I don't understand why, since melatonin is a naturally occurring substance, they couldn't just do the research using children who had already, accidentally, ingested something caustic? Since the purpose of the research is supposedly to help these children, wouldn't the research be best conducted on the population it is intended to help?

This is just cruel. I almost didn't post this because I didn't want to reward this kind of sadistic thinking by giving it attention. But at some point you just have to stand up and say, "That's just wrong."

Oh, by the way, the melatonin worked. So while these guys were busy in their lab burning rat throats in order to get a publication, Mexican children who could have benefited from being subjects in the study...sat in the hospital with burnt throats and no melatonin to help them. Go figure.

Larios-Arceo F, Ortiz GG, Huerta M, Leal-Cortés C, Saldaña JA, Bitzer-Quintero OK, Rodríguez-Reynoso S. Protective effects of melatonin against caustic esophageal burn injury in rats. J Pineal Res. 2008 Sep;45(2):219-23. Epub 2008 Mar 26.

Thursday, October 16, 2008

Monkeys with no memories and the marijuana munchies

Endocannabinoids are chemicals we make that are important in many functions, including cognitive thought, and memory. When our internal endocannabinoid levels are low, we also start to crave sugar. (THC, the active ingredient in marijuana, is also a cannabinoid, and using it messes with our cannabinoid system, giving us the munchies).

In this study, endocannabinoid levels were evaluated in the prefrontal cortex area of 23 pairs of brain cadavers of people with schizophrenia and normal age and gender matched comparisons. Messenger RNA levels for endocannabinoid production were lower in the schizophrenic brains.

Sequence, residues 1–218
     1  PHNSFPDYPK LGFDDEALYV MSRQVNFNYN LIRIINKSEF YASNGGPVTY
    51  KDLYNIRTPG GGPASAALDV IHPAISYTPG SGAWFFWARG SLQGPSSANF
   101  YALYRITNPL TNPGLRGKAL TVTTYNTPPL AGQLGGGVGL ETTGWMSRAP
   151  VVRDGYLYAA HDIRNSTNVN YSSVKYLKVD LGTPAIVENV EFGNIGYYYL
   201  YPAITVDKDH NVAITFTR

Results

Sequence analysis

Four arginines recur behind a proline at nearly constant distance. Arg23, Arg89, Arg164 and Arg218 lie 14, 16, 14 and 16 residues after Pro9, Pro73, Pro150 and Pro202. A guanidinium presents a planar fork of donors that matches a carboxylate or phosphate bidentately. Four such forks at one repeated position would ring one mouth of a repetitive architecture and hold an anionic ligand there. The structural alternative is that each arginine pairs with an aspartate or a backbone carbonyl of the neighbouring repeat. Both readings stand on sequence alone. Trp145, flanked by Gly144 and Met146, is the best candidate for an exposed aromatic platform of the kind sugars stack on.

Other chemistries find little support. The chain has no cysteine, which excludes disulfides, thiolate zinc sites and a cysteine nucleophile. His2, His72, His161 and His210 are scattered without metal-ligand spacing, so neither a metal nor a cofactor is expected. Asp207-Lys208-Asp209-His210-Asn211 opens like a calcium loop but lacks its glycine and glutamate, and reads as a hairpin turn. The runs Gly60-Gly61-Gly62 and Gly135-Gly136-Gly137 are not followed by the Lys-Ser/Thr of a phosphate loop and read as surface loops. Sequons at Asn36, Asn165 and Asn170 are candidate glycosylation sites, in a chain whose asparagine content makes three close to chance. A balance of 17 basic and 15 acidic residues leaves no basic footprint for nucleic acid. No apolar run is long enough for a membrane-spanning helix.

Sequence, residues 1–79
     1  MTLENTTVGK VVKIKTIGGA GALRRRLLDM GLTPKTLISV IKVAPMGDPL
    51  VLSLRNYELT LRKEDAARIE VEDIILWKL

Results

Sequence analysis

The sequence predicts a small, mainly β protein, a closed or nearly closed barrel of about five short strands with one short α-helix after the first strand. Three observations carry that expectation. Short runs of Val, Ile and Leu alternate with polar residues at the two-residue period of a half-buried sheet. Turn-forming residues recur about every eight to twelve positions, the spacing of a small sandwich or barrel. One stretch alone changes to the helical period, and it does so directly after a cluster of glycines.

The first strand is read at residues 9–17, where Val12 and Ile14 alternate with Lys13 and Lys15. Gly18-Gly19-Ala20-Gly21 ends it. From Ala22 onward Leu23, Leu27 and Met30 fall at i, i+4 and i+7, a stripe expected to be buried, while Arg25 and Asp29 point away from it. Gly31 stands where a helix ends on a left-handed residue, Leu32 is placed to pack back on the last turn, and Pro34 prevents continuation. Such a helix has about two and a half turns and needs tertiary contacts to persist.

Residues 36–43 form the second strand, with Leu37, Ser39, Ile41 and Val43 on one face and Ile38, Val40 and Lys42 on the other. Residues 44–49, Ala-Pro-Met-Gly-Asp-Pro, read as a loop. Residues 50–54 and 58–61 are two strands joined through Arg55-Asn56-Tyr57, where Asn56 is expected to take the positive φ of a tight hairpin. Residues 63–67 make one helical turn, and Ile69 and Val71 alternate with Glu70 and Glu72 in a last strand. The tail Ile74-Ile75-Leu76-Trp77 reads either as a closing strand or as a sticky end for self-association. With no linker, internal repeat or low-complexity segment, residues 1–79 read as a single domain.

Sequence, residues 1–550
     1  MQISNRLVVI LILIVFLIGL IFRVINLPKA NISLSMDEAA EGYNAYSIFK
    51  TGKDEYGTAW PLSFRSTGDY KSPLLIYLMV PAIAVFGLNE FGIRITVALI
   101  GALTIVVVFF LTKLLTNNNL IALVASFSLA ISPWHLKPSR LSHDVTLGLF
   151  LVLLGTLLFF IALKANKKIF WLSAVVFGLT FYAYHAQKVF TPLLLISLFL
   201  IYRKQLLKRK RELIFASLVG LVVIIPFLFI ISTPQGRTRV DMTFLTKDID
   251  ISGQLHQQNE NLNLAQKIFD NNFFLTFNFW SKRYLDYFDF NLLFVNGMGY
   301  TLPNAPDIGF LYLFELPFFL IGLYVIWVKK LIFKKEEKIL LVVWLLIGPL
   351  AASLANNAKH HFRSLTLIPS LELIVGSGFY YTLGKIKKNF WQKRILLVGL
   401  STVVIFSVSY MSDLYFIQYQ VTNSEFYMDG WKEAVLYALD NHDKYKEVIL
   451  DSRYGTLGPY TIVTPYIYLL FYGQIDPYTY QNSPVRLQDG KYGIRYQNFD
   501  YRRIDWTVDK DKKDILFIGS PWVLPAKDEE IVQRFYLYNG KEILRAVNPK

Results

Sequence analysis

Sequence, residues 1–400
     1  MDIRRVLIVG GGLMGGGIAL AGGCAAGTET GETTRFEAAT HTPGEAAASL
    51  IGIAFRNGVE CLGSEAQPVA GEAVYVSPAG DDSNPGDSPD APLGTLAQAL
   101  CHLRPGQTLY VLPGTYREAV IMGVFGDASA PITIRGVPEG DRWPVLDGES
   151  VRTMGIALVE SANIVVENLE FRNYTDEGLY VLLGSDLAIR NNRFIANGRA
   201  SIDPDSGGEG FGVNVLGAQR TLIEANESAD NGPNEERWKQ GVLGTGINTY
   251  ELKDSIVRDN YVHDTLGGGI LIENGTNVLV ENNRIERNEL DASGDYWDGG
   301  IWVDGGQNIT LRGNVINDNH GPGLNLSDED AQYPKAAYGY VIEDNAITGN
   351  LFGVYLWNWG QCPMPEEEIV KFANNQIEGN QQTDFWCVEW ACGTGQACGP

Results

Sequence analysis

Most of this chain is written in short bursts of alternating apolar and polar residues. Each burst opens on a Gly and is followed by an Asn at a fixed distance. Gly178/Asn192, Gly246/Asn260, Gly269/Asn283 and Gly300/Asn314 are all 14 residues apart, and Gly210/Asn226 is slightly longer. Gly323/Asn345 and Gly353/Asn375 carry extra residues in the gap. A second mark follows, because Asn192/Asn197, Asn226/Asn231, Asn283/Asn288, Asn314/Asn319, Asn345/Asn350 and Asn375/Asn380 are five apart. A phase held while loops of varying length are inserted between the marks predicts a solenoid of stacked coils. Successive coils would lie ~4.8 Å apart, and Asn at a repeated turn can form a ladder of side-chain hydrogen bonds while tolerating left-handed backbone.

Eighteen brains of macaque monkeys who had been exposed long-term to one of two antipsychotics, haloperidol (Haldol) or olanzapine (Zyprexa), were compared to brains that had never been exposed to these medications. There was no significant difference in their endocannabinoid levels. So even though the medication was helping some aspect of the schizophrenia, it was not correcting the endocannabinoid imbalance.

That might provide one reason why it might be hard for schizophrenics to stay compliant with their medication--they're not being given a medication that helps their brains remember to take it.

As a nutritionist, I also see an important "next study". Knowing that omega-3 fatty acids DO improve cognition and memory, I wonder what would happen if that supplementation was added to the protocol?

It also explains why these clients have such an appetite for sweets, and the kind of foods that further degrade the brain. It's coming from a pretty entrenched biological mechanism.

Eggan SM, Hashimoto T, Lewis DA. Reduced cortical cannabinoid 1 receptor messenger RNA and protein expression in schizophrenia. Arch Gen Psychiatry. 2008 Jul;65(7):772-84.

OK, I managed to keep a straight face until now, which I wanted to do since schizophrenia is an entirely serious topic and people with the disease deserve my respect. Completely. But do you know how hard it was to word this study without using the distracting phrase "monkey brain"? I figured this guy must have been a subject, given his predilection for popsicles.

Tuesday, October 14, 2008

Fish and dementia

I've talked a lot about how fish develops brain power. It also helps you hang onto the brain power you have! In a French study, 1214 seniors without dementia were followed for 4 years. During that time, 65 of them developed dementia. It was found that the higher the person's eicosapentaenoic acid (EPA) level, the lower the risk of dementia. Factors that could have explained this trend that were factored out included: age, education, diabetes, and vitamin E levels. EPA appeared to be a more significant determinant in this population than did the "other" fish oil, docosahexaenoic acid, or DHA.